Overcoming bureaucracy and the long path to find professional purpose abroad

Role Model Story Patricia

I would like to present you today, in this fresh new 2022, a very special Role Model Story. It is a story that shows what happens when you persistently work on your goal and keep a profound fear behind you. It is a beautiful, emotional, touching story and I am very happy and proud that the protagonist this time is a friend of mine. Let’s start with this wonderful role model portrait. 

Meet Patricia

Patricia moved to Germany from Mexico 11 years ago. What was originally meant to be a short adventure abroad became a new home. In between was a long road full of bureaucratic hurdles and the strong will to stay. Today she is working in the profession she is passionate about and trained in, but in between, there were years full of doubts, fear, and compromises. Today Patricia is proof of how a long road pays off in the end. 

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It started as a foreign adventure

Patricia is a fun-loving, free-spirited, and adventurous person. She has always had a desire to see the world outside of Mexico. After graduating with a degree in Communications, she wanted to explore Europe. The timing was right. She knew it was the perfect time in her life to do so and did not want to miss this window of opportunity. She decided to spend a year as an Aupair in Germany because of the language. She already knew Spanish, English, and French. She wanted to expand her language skills by another language and so the choice fell on Germany. It seemed to be a good addition to her academic degree and she hoped for a better career start in Mexico after her return from Germany.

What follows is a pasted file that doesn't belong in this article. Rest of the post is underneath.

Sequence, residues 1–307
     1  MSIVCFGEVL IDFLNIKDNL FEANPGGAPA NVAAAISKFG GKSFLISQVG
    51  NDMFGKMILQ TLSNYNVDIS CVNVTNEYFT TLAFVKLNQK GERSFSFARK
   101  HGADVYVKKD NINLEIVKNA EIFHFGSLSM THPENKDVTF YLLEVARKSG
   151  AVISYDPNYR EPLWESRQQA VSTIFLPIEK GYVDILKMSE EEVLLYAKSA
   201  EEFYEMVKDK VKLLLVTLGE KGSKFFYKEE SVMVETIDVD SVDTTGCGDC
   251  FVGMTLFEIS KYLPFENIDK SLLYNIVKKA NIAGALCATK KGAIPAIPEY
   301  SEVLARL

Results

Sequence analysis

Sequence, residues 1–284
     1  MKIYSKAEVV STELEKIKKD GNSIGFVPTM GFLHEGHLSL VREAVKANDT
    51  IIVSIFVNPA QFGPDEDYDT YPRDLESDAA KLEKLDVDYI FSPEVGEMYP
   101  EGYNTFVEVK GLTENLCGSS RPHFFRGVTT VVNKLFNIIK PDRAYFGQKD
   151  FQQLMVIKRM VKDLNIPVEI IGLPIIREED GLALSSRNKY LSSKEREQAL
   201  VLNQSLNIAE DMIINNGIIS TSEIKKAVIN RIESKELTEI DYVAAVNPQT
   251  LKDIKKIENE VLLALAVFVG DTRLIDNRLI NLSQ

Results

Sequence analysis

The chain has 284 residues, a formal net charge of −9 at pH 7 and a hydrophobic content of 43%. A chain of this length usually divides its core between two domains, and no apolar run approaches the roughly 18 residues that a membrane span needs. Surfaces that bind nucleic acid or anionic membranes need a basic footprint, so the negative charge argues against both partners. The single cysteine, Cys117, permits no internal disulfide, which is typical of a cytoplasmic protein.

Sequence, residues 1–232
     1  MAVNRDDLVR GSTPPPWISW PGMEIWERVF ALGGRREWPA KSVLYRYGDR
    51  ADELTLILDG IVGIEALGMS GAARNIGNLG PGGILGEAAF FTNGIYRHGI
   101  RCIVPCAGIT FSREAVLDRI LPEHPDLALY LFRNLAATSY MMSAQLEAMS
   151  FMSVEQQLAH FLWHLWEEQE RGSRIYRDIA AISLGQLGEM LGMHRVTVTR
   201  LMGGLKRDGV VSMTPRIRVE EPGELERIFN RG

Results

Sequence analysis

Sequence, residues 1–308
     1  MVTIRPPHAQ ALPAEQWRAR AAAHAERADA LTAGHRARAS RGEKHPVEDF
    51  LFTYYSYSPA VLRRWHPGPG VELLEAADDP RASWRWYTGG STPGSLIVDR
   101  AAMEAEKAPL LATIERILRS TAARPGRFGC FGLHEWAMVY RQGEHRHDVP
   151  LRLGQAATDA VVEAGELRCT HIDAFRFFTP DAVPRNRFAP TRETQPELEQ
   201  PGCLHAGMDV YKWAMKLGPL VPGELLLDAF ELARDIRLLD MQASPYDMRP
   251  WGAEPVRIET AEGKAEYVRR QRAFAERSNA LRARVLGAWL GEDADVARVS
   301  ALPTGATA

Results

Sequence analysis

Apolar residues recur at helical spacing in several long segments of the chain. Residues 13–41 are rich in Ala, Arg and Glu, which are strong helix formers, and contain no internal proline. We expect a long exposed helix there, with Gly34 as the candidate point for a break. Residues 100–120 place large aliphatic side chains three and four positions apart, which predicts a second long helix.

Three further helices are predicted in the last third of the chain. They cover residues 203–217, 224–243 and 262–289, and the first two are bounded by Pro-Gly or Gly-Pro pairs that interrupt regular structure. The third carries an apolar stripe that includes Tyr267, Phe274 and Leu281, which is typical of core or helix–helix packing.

So she lived with a German family, took care of the children, and was thus well integrated socially and culturally right from the very beginning. Being part of a family is very important to her and so, despite the adventure, it was also a nice arrival in a foreign country. She lived in Munich and immediately fell in love with this city. Many who have lived in Munich can certainly relate to this. The city offers a cosmopolitan and international flair but at the same time it is a big village and the size is compact. She was 23 years old back then and enthusiastic about her new life. 

"The city has stolen my heart."

When a foreign country starts to feel like home

After a year as an Aupair, she had fallen in love with the country and the city, but still had difficulty communicating in German. Learning the language was more difficult than she thought. Her knowledge of the German language would not yet have the added value she had hoped for when she would return to Mexico. But there was something even more important: she was not yet ready to turn her back on this new country, which had quietly become her home. This adventure didn’t feel finished yet, and so she decided to focus entirely on learning German. She stayed, learned the language, and was able to apply for a student visa. It was also possible for her to work and make a living with a mini-job. It was always clear to her that she could only stay if she could support herself. She found a fairly freshly established restaurant with Mexican cuisine. Again, she has found a family. Only this time in a professional context. The work in this restaurant connected her to her home country Mexico and she loved the connection to the typical food she missed so much. In this Mexican restaurant, she could not only breathe a piece of home but also talk to her colleagues in Spanish and English. Thus, the work became a kind of retreat in which she felt at home, relaxed, and which also enabled her to stay while she continued to learn German on a daily basis. 

"My Mexican colleagues at work were like family to me."

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First fall in love with the country and then with the one person

Patricia was single when she came to Germany and decided to extend the adventure without making it dependent on a relationship. In the 2nd year, however, that should change a bit. She met someone. They were friends at first and both had the intention to help each other with their language skills. He also wanted to help her with her job search and even brought a laptop to a meeting to work on her resume. They ended up discussing everything else but her resume and it was clear that they had something special in common. In their third year in Germany, they became a couple and her list of reasons why Germany has already become a new home grew longer and longer.